FIG. 6 is a side view of one embodiment of a vibrating platform module 100. As described above, the displacement member 136 is coupled between the driveshaft 134 and the platform 120. The rotating motion of the driveshaft 134 is converted to displacement motion that oscillates the platform 120. In one implementation the displacement member 136 is eccentrically coupled to the driveshaft 134. In other words, for example, an off-center portion of the driveshaft 134 (see FIG. 6) may rotatably extend through an aperture in the displacement member 136. In such an embodiment, the rotation of the off-center portion of the driveshaft 134 imparts a linear reciprocating motion to the displacement member 136, which in turn causes the platform 120 to oscillate. In other embodiments, the driveshaft 134 and the displacement member 136 may be coupled together in a different configuration or other mechanisms may be implemented to create the reciprocating displacement motion.

The embodiment of the displacement member 136 depicted in FIG. 6 extends in a vertical displacement direction 131. The term “displacement direction” refers to the general, composite direction of the resultant displacement motion. In one embodiment, as depicted in FIG. 6, the displacement member 136 moves in a generally vertical displacement direction 131 that is substantially perpendicular to the first direction 135 of the driveshaft. However, the qualifying term “vertical” does not necessarily require the displacement member 136 to extend in a direction that is exactly parallel to the vertical direction 125 of the lateral portions 124 of the platform 120. For example, depending on the specifics of a given application, the displacement member 136 may extend in a displacement direction 131 that is generally upwards from the driveshaft 134 but that is angled so as to not be exactly perpendicular to the platform 120 or exactly perpendicular to the ground/surface upon which the vibrating platform module 100 is supported.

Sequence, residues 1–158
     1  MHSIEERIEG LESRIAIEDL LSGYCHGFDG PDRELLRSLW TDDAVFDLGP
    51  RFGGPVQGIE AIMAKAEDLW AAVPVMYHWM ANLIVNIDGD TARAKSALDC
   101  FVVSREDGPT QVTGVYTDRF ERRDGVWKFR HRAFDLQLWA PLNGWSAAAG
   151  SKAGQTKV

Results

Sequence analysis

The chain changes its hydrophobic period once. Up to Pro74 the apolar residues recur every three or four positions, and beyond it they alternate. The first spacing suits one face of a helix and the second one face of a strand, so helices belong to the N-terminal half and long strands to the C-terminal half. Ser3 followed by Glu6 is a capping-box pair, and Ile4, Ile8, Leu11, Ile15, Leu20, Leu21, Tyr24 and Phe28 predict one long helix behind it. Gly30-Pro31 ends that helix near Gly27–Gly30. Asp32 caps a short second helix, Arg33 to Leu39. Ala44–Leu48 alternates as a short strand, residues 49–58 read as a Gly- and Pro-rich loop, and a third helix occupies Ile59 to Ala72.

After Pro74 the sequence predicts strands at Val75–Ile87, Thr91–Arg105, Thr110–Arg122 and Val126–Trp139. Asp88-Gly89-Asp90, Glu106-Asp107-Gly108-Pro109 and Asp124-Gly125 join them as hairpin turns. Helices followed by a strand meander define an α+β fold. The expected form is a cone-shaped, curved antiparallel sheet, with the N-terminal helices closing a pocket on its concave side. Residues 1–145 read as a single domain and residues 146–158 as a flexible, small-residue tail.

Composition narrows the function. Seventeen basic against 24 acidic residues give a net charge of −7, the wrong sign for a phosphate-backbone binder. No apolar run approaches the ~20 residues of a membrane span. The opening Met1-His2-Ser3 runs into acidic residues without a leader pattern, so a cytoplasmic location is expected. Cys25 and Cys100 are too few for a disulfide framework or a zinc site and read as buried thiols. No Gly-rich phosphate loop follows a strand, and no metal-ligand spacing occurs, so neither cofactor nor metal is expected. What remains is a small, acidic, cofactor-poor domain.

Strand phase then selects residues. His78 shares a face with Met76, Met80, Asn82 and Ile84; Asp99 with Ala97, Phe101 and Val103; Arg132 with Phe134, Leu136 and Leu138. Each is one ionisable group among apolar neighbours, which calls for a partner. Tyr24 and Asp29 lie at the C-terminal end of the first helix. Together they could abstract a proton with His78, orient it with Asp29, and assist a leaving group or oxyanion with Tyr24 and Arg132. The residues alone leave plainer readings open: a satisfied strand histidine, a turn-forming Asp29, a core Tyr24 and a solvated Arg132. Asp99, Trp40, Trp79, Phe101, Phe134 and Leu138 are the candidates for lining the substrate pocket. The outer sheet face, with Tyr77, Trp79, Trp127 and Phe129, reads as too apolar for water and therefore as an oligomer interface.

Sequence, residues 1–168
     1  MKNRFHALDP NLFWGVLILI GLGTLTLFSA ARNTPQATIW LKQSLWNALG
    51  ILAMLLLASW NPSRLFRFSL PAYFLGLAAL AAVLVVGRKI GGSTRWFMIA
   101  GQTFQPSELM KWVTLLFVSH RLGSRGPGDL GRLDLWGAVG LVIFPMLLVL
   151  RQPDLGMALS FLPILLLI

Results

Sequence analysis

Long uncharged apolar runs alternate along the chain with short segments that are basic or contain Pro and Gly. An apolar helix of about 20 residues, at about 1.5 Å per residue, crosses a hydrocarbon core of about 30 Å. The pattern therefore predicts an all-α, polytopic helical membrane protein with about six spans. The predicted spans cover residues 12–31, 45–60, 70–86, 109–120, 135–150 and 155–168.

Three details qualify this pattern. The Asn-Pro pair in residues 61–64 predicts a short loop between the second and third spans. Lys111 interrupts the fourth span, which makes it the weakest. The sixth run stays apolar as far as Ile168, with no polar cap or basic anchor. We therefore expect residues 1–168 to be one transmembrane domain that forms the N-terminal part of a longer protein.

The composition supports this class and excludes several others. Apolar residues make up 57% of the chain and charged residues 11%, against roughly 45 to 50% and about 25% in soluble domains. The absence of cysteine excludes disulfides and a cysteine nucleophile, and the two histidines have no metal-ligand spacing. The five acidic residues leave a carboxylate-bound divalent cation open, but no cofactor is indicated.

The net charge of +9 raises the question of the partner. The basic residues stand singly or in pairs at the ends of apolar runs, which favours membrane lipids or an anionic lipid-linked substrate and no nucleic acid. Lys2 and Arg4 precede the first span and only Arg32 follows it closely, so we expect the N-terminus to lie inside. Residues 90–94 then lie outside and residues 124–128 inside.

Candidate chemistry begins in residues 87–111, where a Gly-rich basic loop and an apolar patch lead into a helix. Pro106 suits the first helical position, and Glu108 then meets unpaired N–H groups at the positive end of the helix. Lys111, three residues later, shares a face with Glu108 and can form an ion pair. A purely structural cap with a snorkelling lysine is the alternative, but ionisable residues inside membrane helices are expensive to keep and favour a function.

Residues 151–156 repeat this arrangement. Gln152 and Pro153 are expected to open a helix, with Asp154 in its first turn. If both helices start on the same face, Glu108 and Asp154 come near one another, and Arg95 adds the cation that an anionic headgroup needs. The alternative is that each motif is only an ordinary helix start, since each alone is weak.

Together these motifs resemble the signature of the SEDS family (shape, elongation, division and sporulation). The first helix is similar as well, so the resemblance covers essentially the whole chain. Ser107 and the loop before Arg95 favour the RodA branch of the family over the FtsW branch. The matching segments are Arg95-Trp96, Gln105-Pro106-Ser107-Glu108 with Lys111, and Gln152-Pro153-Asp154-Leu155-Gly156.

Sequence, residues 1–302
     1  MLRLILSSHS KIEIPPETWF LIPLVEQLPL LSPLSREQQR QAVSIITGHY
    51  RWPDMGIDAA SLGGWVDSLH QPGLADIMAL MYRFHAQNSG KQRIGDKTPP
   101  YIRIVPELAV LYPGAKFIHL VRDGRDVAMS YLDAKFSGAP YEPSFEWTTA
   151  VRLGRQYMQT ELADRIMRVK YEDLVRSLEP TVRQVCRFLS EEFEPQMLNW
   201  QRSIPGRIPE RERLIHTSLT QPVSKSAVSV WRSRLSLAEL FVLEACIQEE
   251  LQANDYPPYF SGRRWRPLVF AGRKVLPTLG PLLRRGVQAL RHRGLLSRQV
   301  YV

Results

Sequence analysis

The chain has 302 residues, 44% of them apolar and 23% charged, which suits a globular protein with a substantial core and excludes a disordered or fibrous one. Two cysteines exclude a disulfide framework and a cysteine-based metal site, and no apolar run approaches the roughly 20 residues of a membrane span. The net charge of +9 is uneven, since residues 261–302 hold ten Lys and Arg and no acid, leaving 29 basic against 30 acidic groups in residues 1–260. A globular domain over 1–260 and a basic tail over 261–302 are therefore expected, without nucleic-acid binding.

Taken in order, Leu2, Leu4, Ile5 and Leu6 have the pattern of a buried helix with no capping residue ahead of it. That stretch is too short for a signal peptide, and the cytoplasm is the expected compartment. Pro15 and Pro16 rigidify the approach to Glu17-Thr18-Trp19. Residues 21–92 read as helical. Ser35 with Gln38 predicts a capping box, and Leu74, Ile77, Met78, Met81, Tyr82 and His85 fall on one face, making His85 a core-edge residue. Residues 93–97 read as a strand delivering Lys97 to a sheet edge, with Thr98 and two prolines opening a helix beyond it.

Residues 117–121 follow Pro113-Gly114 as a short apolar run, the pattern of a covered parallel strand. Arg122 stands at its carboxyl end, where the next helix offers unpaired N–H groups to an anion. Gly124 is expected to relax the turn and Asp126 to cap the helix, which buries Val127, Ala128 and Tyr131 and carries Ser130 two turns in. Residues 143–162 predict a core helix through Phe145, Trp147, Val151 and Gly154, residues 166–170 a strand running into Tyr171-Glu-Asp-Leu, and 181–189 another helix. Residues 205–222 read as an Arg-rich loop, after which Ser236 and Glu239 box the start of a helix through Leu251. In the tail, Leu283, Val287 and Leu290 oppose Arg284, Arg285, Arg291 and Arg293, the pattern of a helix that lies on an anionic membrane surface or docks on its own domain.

FIG. 6 also depicts one embodiment of the vibration isolators 114 mentioned above. In one embodiment, the base shell 40 and/or the riser 50 may be exclusively supported (i.e., exclusively connected to the ground) via the vibration isolators 114 of the support structure 110. In another embodiment, the only physical connection between the vibrating platform module 100 and the base shell 40 is via the vibration isolators 114. In such an embodiment, the vibration isolators 114 prevent or at least mitigate the propagation of vibrations to the base shell 40 and/or the riser 50. Accordingly, the apparatus 10 is comparatively more stable and vibrations are only applied to the user via the platform 120 and not indirectly via secondary vibrations from the handles 52 of the riser 50.

The vibration isolators 114 may include a body that damps the vibrations that arise from the oscillating motion of the platform 120, thus limiting the vibrations that are conveyed to the base shell 40 and/or riser 50. For example, the vibration isolators 114 may include a rubber material that absorbs the vibrations. In another embodiment, the vibration isolator 114 may include a shock-absorbing assembly or other vibration damping material. In one embodiment, the support structure 110 may have multiple, independent vibration isolators 114 (as depicted). For example, the support structure 110 may have vibration isolators 114 at each corner of the support structure 110 or may have multiple vibration isolators 114 along each side of the support structure 110. In another embodiment, the vibration isolators 114 may be connected together or may be implemented as a single, unitary damping layer disposed between the support structure 110 and the base shell 40.